Seth and I will be your facilitators on Tuesday, November 15th, 2011 for our graduate course at Rhode Island College. The theme of the class is “Language and Power”, according to our syllabus, and we look forward to analyzing the two required texts for class through using some strategies/ games that you can hopefully bring back to your classrooms to use with your students. So, please make sure you all read the two required pieces (both from the book Tongue Tied (2004):
1. “Aria” by Richard (Ricardo) Rodriguez
2. “Teaching Multilingual Children” by Virginia Collier
As far as the content of Tuesday’s seminar, we just wanted to point out some aspects of both pieces that will be discussed.
1. Aria (Rodriguez)
· The idea of “private” versus “public” language: Rodriguez really makes this point a theme of this passage. He opens up the narrative by calling Spanish (his native language) a “private language” (34) When beginning to learn English in school, Rodriguez’s teachers come to his home and ask his parents to speak English in the home to better acclimate Rodriguez and his sister to America. At first, the speaking of English in the home is almost a game. In fact, Rodriguez recalls “After diner each night, the family gathered to practice ‘our’ English. Laughing, we would try to define words we could not pronounce.” (35) However, once Rodriguez and his siblings became more confident in English, it seems like their worlds were changed. Rodriguez admits that there was “a new quiet at home” and that he “no longer knew what words to use when addressing [his] parents.” (37). So, once his public world and private world collided, this course of action forever alters his life and view on bilingual education.
· The “sounds” of a language: Rodriguez discusses how it isn’t necessarily what the person says, it is how it sounds to us; the same way in which French, Spanish, Portuguese, or Italian are known as “romance languages” because of the pitch, tone, and accent. Rodriguez specifically states the various sounds he heard in English versus Spanish and how those sounds resonated with him. Upon news of the nuns demanding English at home, Rodriguez laments that his parents “in an instant, they agreed to give up the language (the sounds) that had revealed and accentuated our family’s closeness.” (35) He describes the English language, initially, as “gringo sounds” and how those sounds “startled” him. (35) Eventually, as his English becomes more and more prominent, he “stopped hearing the high and low sounds of los gringos.” (36) Rodriguez continues to acknowledge, “a more and more confident speaker of English, I didn’t trouble to listen to how strangers sounded speaking to me. And there simply were too many English speaking people in my day for me to hear American accents anymore.” (36) Unfortunately, as his English became better and better, his desire to speak Spanish (that private language) dwindled. As Rodriguez looks back on his youth, he describes how hearing Spanish, he “continued to be a careful, if sad, listener of sounds.” (38)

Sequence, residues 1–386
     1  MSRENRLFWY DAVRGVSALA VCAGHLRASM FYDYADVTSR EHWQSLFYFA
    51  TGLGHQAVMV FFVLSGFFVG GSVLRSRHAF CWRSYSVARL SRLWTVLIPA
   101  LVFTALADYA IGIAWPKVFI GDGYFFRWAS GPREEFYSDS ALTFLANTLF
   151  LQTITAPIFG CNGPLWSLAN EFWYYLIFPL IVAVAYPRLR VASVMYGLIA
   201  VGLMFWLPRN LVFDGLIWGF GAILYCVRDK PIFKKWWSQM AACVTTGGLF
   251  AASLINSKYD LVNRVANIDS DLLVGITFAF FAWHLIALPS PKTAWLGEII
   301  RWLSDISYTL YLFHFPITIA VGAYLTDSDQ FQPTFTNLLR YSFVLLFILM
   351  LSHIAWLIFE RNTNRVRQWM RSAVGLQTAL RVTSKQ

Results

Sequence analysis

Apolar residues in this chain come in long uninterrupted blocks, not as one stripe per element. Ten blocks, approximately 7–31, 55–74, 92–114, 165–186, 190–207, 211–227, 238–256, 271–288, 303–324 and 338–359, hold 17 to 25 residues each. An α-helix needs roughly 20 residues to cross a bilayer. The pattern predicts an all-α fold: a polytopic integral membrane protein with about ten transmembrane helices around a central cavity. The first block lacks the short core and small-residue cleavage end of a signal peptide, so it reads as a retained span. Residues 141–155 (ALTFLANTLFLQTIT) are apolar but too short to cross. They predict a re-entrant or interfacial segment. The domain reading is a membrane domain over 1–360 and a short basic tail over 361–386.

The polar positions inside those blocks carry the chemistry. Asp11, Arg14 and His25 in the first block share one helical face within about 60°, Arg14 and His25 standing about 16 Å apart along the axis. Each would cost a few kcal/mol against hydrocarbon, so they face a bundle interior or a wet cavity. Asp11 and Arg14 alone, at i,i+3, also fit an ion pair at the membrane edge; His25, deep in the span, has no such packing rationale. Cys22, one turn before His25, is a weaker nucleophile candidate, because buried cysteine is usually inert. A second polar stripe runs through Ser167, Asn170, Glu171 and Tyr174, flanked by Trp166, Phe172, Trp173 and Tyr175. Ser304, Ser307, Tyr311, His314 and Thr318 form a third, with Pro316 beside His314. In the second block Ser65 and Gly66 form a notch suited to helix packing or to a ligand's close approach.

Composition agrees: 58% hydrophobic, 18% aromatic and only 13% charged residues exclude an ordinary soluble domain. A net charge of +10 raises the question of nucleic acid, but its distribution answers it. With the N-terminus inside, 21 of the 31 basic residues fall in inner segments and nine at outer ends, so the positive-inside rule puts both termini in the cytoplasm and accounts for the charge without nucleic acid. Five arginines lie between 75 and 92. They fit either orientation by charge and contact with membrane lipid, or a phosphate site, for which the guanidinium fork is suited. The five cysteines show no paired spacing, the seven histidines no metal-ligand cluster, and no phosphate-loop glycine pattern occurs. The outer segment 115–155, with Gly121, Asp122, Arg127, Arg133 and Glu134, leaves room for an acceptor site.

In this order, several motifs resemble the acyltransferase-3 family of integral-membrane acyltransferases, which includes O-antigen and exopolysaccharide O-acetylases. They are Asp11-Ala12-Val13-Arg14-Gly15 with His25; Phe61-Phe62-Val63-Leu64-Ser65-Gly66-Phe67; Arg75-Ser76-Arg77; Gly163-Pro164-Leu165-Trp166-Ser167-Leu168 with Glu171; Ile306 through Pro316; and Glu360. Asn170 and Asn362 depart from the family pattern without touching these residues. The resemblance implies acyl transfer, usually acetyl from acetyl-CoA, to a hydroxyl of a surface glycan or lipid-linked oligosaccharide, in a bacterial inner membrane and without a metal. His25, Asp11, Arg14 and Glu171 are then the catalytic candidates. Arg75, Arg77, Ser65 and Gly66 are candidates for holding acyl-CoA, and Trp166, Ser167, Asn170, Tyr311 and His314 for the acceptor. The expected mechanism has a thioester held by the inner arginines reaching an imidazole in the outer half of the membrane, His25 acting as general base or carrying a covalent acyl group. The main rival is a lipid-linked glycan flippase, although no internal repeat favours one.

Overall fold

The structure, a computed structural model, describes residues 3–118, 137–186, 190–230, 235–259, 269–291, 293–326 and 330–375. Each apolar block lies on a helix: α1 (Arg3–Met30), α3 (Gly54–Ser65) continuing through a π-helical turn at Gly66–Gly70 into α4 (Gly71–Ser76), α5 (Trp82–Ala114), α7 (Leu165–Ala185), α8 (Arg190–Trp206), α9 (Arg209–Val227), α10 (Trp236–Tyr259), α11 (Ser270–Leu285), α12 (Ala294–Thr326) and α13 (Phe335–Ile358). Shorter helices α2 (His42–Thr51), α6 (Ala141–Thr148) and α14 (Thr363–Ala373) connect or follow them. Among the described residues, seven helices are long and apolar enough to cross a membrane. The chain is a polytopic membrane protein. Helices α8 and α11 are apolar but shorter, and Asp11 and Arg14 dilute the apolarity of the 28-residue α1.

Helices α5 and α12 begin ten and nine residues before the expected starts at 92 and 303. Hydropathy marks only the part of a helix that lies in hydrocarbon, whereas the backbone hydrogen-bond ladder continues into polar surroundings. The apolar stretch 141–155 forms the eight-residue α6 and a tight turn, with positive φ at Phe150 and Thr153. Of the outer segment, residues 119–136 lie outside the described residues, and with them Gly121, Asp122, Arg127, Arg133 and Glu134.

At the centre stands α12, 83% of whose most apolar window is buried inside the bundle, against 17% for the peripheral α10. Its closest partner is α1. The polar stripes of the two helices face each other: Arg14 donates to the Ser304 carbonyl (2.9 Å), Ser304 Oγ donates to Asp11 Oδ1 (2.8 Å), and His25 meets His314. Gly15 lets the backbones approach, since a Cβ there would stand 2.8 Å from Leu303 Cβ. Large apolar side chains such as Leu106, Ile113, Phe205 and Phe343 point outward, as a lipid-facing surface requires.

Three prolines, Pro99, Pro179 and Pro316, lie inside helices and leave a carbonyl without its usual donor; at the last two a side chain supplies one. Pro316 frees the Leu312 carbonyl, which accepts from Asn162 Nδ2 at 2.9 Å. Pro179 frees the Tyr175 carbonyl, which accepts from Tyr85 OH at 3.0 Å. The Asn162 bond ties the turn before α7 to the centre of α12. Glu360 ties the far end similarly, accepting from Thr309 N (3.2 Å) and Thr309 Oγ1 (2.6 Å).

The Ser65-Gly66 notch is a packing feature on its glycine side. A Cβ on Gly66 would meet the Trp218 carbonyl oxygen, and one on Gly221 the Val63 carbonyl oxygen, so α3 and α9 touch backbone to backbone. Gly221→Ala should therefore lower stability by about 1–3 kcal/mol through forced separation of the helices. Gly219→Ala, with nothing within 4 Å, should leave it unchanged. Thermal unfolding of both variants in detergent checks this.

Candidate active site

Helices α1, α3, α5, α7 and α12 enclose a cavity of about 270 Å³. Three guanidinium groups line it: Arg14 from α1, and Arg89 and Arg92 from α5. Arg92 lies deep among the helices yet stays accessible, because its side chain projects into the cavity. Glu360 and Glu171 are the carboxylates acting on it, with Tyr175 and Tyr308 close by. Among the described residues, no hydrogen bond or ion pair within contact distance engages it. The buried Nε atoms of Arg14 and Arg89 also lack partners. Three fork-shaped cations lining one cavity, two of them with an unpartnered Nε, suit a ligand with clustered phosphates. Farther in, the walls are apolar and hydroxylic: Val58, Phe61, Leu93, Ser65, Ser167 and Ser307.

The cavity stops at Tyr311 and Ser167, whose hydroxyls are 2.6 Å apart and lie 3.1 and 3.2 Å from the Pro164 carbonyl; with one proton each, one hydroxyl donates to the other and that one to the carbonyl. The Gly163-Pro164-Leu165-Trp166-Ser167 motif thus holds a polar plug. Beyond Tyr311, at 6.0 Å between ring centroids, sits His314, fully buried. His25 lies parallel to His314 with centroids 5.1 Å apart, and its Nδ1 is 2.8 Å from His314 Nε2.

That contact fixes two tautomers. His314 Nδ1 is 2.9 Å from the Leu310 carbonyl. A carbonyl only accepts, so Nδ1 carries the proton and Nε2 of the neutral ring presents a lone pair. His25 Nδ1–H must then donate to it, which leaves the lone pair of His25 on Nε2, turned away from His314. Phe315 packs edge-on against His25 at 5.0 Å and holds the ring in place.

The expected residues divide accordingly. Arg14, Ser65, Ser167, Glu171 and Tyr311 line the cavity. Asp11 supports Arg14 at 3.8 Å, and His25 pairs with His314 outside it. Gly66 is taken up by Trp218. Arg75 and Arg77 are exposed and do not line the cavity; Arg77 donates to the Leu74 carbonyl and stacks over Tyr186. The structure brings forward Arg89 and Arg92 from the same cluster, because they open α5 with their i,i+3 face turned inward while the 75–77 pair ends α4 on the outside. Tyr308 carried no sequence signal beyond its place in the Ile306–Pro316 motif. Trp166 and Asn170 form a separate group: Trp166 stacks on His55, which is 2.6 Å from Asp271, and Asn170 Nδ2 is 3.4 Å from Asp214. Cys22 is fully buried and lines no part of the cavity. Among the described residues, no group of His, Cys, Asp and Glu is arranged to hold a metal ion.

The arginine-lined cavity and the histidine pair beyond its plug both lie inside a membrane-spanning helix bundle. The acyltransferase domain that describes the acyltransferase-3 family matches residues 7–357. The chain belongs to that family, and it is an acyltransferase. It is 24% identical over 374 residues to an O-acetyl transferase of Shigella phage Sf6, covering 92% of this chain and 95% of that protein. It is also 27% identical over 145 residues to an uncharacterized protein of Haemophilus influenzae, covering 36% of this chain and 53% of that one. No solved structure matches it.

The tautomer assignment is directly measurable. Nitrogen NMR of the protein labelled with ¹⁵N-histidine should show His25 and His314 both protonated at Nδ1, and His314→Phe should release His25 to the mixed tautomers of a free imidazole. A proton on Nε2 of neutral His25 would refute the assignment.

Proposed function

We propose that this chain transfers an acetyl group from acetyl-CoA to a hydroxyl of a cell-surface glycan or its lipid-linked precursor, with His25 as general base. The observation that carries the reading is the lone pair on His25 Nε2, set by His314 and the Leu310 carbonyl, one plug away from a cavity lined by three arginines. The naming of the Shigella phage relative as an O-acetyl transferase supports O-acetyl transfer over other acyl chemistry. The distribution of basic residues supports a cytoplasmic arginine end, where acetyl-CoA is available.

· Language and Family: Rodriguez seems to have an extremely strong relationship with his family when Spanish is the predominately (and sometimes only) language spoken. However, as his English increases, there seems to be a disconnect between parent and child. He describes his family as “a loving family, but one greatly changed. No longer so close; no longer bound tight by the pleasing and troubling knowledge of our public separateness.” (36)
· Silence: There seems to be many a night in the Rodriguez household that was spent in silence after the children were required to speak in English.
2. Teaching Multilingual Children (Collier)
· Techniques and Strategies: It seems as those this piece is more of the academic piece, whereas the Aria piece is a memoir. Collier attempts to provide ways in which teachers can help those students who are multilingual. She asks teachers to be aware of how children learn and that literacy in a native language helps promote second language literacy, not hinders it. She also discusses how the idea of “code switching” (the ability to speak two languages in the same sentence), actually is beneficial to an English language learner. I guess people used to see code switching as the inability to process language (almost like confusing the two) but actually, code switching shows a higher intelligence because the person understands language placement in both languages.
· Opposite Views: Collier and Rodriguez have opposite views of how second language acquisition should function in public schools. Rodriguez seems to be in favor of English immersion only whereas Collier believes bilingualism should be promoted in the classroom. Dun dun DUNN!!!
· Come with Questions: This article will be where the bulk of our discussion will lie, so please come prepared with questions and your game faces on!
After a delicious dinner at Twin’s Pizza, Seth and I are pretty pumped about Tuesday. I hope you guys are too! Yeay!! GOOOOOOOOOO TEAM!!